The idea of opening up the books to all employees may seem scary to many business owners and managers, which is understandable. Financial transparency typically raises fears that - depending on the business situation - employees will either ask for more money or leave the sinking ship. Or worse, they could leak sensitive information to competitors. Although such fears are not entirely unjustified, experience has shown that open-book management is a good strategy to improve long-term business performance.
Open-book management was not developed by some prestigious business school or fancy consulting agency but by everyday business people. Jack Stack was the first to apply the approach back in the early 1980s at Springfield Remanufacturing Corporation and, as a result, was able to successfully save the company from imminent bankruptcy. The idea was to awaken the entrepreneurial spirit in the employees.
Three Basic Rules
In his book The Great Game of Business (1992), Stack defined three basic rules of open-book management:
- Know and teach the rules: Every employee should be given the measures of business success and taught to understand them
- Follow the action and keep score: Every employee should be expected and enabled to use their knowledge to improve performance
- Provide a stake in the outcome: Every employee should have a direct stake in the company's success-and in the risk of failure
Stack argues that open-book management reaches its full potential when employees know and understand the performance indicators to a level that they are able to report their meaning to management bottom-up.
Benefits of Open-Book Management
Companies, such as General Electric, Southwest Airlines, and Harley Davidson, which have been practicing open-book management successfully for years, report on a wide range of benefits:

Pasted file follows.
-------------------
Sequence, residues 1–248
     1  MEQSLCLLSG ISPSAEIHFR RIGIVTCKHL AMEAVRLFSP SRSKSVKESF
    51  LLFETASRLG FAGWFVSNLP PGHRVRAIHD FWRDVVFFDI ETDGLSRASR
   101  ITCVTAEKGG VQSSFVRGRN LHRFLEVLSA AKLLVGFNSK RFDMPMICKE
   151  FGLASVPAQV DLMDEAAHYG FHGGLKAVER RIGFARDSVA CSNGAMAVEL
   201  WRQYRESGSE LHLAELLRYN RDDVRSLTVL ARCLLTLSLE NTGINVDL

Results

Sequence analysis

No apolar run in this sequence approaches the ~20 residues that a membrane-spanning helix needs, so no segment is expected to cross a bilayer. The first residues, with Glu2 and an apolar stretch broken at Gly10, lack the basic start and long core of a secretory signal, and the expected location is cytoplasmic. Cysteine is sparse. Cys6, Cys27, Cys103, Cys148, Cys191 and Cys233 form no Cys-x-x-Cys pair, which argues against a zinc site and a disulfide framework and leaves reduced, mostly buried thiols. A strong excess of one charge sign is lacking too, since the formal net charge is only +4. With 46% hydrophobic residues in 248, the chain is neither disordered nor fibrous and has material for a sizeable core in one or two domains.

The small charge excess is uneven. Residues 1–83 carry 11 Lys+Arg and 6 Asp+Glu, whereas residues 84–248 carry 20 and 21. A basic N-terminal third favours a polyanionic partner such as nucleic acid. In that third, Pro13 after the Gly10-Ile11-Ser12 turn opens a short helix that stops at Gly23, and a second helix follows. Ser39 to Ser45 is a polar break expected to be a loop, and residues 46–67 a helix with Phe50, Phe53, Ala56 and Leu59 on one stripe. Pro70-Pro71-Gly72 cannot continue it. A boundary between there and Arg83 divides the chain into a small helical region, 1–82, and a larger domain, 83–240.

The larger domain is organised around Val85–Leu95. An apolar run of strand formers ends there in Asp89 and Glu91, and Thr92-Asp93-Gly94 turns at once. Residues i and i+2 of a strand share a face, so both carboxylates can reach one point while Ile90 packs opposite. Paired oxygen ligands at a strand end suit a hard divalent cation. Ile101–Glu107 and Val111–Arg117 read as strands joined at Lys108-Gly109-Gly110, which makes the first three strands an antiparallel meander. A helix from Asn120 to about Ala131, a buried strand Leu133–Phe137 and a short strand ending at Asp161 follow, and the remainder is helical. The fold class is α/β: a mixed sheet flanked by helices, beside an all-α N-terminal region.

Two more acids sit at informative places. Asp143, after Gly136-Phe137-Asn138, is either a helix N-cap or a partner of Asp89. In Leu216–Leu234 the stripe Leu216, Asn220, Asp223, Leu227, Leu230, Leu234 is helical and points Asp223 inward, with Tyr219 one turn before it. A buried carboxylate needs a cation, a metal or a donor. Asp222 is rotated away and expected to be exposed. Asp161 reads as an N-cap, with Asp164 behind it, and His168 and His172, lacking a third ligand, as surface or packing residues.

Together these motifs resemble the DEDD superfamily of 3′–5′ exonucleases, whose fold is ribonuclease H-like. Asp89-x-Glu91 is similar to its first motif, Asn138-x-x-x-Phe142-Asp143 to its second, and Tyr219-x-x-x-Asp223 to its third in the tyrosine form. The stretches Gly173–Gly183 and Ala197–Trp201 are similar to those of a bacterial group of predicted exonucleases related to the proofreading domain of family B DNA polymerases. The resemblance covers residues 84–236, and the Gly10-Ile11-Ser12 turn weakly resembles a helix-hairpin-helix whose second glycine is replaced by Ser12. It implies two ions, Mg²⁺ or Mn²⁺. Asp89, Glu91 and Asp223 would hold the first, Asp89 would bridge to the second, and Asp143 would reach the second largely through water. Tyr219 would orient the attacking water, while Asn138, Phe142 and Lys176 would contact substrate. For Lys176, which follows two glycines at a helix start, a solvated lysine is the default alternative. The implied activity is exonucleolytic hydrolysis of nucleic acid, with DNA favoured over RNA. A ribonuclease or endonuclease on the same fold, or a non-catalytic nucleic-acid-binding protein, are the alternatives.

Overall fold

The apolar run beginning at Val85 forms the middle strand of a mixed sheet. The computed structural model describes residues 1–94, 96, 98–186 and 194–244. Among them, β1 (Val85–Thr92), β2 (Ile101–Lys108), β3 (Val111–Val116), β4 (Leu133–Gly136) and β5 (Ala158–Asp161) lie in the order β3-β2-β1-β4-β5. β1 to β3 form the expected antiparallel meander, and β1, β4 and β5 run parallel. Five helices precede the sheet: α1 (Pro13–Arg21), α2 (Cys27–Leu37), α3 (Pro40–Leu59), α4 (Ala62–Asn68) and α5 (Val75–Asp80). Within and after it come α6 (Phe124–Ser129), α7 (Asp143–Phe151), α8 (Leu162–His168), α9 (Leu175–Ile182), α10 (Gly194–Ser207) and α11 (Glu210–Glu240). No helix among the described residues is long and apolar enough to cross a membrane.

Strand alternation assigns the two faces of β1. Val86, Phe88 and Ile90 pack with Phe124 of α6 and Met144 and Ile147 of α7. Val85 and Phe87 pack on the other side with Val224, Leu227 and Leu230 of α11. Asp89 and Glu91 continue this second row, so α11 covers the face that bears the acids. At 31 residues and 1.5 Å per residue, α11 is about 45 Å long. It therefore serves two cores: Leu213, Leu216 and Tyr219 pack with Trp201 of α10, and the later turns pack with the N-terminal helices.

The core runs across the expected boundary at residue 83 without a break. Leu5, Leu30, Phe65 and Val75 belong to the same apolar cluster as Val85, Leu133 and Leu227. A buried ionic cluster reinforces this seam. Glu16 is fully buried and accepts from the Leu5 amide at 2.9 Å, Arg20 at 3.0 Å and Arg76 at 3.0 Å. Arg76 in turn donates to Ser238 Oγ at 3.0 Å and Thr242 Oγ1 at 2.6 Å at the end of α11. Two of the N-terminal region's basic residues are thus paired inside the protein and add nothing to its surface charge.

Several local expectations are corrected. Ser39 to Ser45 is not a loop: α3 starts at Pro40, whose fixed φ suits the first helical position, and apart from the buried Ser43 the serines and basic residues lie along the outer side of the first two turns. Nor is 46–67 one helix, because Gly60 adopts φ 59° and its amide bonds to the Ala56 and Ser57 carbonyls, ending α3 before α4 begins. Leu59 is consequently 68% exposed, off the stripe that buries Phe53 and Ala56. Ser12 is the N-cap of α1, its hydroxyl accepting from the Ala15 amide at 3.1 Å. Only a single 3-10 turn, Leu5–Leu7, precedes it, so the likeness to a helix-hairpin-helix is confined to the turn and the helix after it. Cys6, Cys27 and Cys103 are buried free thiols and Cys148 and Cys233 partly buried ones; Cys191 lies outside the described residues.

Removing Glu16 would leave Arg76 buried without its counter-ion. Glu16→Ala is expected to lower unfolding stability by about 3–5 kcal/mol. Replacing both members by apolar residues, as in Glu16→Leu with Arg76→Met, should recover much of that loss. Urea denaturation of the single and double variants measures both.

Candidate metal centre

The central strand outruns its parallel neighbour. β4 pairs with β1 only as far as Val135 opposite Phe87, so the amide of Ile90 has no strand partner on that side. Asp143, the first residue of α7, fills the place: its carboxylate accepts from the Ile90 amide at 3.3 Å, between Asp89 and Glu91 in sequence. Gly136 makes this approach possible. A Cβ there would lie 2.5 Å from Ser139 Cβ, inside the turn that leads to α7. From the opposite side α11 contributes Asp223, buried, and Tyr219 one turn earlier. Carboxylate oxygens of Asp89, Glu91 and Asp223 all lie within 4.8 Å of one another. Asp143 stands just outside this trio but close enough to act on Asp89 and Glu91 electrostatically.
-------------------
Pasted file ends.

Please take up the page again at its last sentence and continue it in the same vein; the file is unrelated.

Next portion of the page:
- Employees develop a stronger sense of ownership because they feel valued and trusted as business partners rather than as hired hand (Case, 1998, as cited by Pascarella, 1998).
- Employees have a more realistic understanding of the financial and competitive situation of the company. Therefore, they spend less time speculating and worrying about the company’s future and more time on the actual work.
- Employees at all levels of the organization develop a sense of urgency and the drive to do their best to improve things (Welch, as cited by Henglein, 2009).
- Employees repay the trust placed in them by the management by addressing problems at the front lines more openly. This way the organization’s collective knowledge gets to be fully exploited and unpleasant surprises in the implementation of strategies and measures can be more easily avoided.
- Having a good understanding of the organization’s cost structures helps employees to make better informed decisions in their everyday work. For instance, an engineer would not decide to equip a product with additional features when the company is struggling with serious cash flow problems.
- Employees understand the need for cost control and become more responsible in using the organization’s resources.
- Cost-saving measures are more likely to be accepted by the staff.
- Employees see the “big picture.” They understand how they can contribute to the organization’s success – both individually and as part of a team. This makes them more engaged and can lead to increased cross-departmental collaboration.